The tug-of-war continues between the NFL and its players, who extended a deadline for seven days to for a collective bargaining agreement. Time had been running out as late as Friday on whether there would be a lockout, which still may cause the first NFL work stoppage since 1987.
The main sticking point in the negotiations is the extra $1 billion franchise owners want up front in addition to the $1 billion they already get under the current agreement to pay costs like building stadiums and promoting games. Too much of that money, they say, goes to players. Mind you, the league makes a total of $9 billion from marketing, television rights and ticket sales.
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But the players’ union had prepared on Friday to decertify, meaning the union would cease to exist, and an opening would be created for anti-trust lawsuits on behalf of individual players. With a decertification, they give up collective bargaining rights, the owners can lock them out and football activity, even during the off-season, comes to a halt.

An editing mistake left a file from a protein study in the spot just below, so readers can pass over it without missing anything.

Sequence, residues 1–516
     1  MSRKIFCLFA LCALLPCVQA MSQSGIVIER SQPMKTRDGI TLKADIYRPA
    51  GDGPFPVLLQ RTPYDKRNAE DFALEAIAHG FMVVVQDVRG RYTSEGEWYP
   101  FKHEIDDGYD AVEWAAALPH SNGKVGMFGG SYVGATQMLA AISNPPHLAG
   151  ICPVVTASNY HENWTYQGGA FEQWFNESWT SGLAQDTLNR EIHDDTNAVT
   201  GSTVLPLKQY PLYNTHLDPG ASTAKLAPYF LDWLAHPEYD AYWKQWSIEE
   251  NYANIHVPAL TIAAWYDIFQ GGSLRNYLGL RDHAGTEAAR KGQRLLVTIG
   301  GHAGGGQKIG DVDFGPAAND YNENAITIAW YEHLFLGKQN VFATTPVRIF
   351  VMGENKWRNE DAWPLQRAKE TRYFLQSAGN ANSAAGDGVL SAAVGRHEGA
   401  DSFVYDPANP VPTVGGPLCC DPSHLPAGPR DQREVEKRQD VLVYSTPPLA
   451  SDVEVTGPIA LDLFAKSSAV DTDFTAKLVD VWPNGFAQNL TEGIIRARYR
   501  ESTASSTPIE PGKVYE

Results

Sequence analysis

But instead both sides agrees to continue talks until March 11 If an agreement is not reached by then, the union will put forth decertification documents before U.S. District Court Judge David Doty in Minneapolis.
However, since people are talking, there is some optimism. “If both sides give a little, everyone can gain a lot. And that’s what we have to try to do next week,” said NFL lawyer Jeff Pash, who is leading negotiations.
In a Friday afternoon live chat on the NFLPA website, Carolina Panthers wide receiver said: “This CBA agreement, whenever it is decided, will have a generational impact on our league for a long time.”
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